Stimmel Calls ‘Potpourri’ Legal

Agents of the IRS Criminal Investigation Division documented items inside California Dreamin as part of a federal raid in September. (File photo)

Agents of the IRS Criminal Investigation Division documented items inside California Dreamin as part of a federal raid in September. (File photo)

Sam Stimmel has opened a third location of California Dreamin, a variety store of sorts that was part of a federal raid in September.

Stimmel confirmed to the Kendallville News Sun that he has opened a third store at 120 W. Main St. in Albion. At that location, California Dreamin sells “novelties and gifts.”

An Elkhart store by the same name, Stimmel tells the media outlet, sells computers and tools. And in North Webster the store, located next to Stimmelator’s Gentlemen’s Club at 108 E. Washington St., carries “female wear” and stun guns.

All three locations also carry “potpourri” known as B2.

B2 is not inherently a synthetic drug or synthetic marijuana and therefore does not automatically fall under Indiana’s law that bans it. Stimmel told The Sun, “What we do is legal. It’s aroma therapy. You’re not supposed to be smoking it.”

Synthetic drugs are made to mimic highs like those achieved from drugs such as marijuana or cocaine, but they are sold as “potpourri,” “bath salts” and “incense.”  Most are labeled “not for human consumption,” but the products are still generally used orally, inhaled or even injected.

Indiana lawmakers stiffened laws pertaining to synthetic drugs in March and identified more than 60 chemical compounds that are illegal. The problem in enforcement comes because makers of the drug slightly change the base compounds or even just the name of the product. Warsaw Police Det. Paul Heaton said that by the time police acquire the product, have it tested and identify it, it is then being marketed under a different name so the process never ends.

In September, Indiana Attorney General Greg Zoeller announced a stronger crackdown on the state law which says retail merchants caught selling the drugs will face penalties, including the loss of their retail merchant license for one year.

“This synthetic drug enforcement initiative is intended to send a strong message to businesses who continue to sell synthetic drugs despite the law and the risks to the public,” Zoeller said. “Law enforcement and health officials agree that the danger of having these drugs in the open marketplace and available to the public is significant. It is our responsibility to use the resources available to prevent these unregulated and illegal drugs from being available on the shelves at the corner store.”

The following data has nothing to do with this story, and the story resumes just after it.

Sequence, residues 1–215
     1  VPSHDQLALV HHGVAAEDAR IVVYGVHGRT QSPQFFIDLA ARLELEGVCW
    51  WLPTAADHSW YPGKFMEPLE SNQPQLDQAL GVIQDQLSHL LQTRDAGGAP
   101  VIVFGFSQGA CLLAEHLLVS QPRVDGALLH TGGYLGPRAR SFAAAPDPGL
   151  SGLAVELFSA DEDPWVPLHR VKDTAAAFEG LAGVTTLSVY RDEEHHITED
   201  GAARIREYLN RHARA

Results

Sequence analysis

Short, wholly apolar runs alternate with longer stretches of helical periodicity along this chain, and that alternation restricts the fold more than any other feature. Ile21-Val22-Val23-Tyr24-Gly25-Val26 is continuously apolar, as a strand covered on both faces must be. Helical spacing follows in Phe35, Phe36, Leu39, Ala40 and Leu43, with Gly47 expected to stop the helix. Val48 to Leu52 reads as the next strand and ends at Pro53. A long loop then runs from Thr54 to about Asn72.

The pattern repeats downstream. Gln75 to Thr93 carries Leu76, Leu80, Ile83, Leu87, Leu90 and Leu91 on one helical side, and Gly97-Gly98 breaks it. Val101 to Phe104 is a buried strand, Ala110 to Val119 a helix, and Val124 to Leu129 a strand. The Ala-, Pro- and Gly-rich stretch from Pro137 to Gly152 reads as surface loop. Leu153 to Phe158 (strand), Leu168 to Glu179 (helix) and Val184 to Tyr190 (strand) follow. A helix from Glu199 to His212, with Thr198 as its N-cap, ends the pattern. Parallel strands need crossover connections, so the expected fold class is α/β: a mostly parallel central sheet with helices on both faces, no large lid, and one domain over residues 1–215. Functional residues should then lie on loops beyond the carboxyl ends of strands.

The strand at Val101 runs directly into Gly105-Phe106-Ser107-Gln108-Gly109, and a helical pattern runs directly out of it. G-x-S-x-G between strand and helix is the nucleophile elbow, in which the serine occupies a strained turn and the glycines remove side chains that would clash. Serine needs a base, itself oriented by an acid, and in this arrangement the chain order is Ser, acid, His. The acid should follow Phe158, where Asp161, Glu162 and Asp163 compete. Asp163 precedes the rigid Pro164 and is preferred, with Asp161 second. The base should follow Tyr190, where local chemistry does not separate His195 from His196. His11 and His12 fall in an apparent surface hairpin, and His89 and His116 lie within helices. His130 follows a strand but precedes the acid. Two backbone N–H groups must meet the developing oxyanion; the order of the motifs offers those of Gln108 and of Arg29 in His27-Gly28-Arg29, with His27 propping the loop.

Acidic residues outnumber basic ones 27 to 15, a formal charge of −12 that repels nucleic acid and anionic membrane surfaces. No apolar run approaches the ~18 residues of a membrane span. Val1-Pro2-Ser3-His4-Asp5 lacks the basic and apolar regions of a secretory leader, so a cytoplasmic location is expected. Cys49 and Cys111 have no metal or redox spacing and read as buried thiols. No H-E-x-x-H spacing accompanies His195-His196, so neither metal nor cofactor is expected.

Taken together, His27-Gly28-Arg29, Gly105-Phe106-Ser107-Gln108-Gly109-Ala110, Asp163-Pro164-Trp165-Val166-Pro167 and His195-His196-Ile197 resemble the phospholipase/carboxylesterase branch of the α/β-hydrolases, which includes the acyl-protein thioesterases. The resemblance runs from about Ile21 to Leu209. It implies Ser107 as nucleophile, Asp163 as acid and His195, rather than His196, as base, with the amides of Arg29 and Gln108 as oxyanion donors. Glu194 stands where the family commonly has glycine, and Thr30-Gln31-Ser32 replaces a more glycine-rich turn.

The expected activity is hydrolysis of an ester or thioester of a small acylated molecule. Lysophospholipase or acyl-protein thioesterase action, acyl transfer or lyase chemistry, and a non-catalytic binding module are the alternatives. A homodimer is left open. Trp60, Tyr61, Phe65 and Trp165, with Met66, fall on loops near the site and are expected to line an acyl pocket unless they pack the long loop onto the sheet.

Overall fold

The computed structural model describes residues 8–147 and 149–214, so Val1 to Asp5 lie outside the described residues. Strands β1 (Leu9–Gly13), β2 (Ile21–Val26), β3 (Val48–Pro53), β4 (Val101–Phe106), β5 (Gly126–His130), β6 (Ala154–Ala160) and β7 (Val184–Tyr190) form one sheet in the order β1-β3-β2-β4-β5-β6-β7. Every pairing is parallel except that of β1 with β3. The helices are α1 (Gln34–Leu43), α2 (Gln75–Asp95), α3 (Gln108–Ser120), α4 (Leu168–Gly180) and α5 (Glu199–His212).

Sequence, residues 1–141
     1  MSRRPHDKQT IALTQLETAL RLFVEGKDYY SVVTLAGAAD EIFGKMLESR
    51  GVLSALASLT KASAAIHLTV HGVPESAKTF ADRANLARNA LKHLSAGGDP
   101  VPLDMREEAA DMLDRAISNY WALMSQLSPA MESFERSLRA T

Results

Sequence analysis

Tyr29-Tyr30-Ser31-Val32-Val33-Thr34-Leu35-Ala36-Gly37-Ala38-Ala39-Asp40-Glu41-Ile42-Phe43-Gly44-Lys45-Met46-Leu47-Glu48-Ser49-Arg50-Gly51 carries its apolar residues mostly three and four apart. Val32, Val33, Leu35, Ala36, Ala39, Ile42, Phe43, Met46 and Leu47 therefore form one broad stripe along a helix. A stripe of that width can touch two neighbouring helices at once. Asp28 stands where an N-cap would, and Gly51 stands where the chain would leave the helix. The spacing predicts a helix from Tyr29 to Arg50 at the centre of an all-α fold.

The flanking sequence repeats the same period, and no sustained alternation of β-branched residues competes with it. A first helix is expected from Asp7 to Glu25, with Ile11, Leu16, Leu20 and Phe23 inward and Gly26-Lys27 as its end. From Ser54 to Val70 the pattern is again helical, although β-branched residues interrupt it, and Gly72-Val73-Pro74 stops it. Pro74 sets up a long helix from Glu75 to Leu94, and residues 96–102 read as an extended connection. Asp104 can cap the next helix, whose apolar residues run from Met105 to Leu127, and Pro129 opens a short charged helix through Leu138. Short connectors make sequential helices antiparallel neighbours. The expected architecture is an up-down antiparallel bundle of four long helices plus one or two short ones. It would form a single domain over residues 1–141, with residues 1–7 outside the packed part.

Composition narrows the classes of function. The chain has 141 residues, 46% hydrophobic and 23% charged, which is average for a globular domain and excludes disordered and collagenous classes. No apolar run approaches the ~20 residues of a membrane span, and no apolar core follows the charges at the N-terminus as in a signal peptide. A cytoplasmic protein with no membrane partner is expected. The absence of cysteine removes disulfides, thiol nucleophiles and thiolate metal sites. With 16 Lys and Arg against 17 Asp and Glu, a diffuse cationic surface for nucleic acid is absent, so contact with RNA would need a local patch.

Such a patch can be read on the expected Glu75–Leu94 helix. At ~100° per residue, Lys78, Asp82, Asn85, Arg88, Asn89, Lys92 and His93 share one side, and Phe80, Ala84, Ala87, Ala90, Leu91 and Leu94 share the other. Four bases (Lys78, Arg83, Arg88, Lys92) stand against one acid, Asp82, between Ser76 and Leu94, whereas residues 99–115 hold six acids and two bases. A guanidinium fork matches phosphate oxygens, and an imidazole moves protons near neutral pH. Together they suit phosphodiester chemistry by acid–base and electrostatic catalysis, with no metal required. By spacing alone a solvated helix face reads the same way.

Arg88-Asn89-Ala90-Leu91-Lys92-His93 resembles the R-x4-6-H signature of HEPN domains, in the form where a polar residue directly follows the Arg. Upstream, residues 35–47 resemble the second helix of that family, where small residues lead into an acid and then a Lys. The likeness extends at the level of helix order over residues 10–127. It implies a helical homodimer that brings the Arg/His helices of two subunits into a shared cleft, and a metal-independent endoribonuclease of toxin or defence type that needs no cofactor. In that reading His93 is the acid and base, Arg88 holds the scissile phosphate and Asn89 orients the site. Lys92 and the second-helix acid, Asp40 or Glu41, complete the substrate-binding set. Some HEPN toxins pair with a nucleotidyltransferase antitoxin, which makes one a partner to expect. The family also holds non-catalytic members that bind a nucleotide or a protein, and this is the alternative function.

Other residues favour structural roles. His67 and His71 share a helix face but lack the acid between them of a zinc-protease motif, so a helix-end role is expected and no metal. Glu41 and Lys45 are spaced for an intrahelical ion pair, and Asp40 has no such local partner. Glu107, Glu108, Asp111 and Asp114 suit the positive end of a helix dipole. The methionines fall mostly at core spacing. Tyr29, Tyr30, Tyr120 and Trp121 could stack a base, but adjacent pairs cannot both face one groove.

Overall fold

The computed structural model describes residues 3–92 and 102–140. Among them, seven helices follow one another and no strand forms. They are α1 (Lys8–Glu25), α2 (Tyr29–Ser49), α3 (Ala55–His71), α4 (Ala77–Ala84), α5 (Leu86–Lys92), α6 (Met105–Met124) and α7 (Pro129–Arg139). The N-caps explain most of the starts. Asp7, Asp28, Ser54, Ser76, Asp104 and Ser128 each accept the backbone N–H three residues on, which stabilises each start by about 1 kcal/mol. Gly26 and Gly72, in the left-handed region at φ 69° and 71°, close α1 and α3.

Using synthetic drugs can result in dangerously high body temperatures, racing heart rates, high blood pressure and even permanent organ damage. Synthetic drug use has also been linked to kidney failure and the psychotic effects of it can last for several days.

On Sept. 12, agents from the Internal Revenue Service raided Stimmelator’s Gentlemen’s Club, California Dreamin and Stimmel’s private residence on Syracuse-Webster Road, all located in North Webster. At that time, California Dreamin was not yet officially in business, but it was stocked with a variety of items including women’s lingerie.

Kerry Hannigan, public information officer for the IRS, confirmed during the raids that agents from the IRS Criminal Investigation Division were acting “on official business,” but declined to offer any other information.

Agents from a number of Indiana counties, and even from Michigan and Illinois, were in North Webster most of that day processing all three locations where boxes of items were confiscated, but officials would not say what those items were. Stimmel told The Sun the investigators took paperwork but declined to expound on what the paperwork involved or why the agents targeted his business.
Mary Hatton of the U.S. Attorney’s office in Hammond confirmed that any federal charges would be pursued through U.S. District Court in South Bend. As of today, no federal charges have been filed against Stimmel.
In a final statement to The Sun, Stimmel said he believes selling B2 is “a positive thing” noting he sells to a former methamphetamine addict who says without the B2 he would likely still be using meth.
The stun guns being sold at California Dreamin can be sold legally as long as Stimmel follows the law that prohibits selling to anyone under the age of 18.



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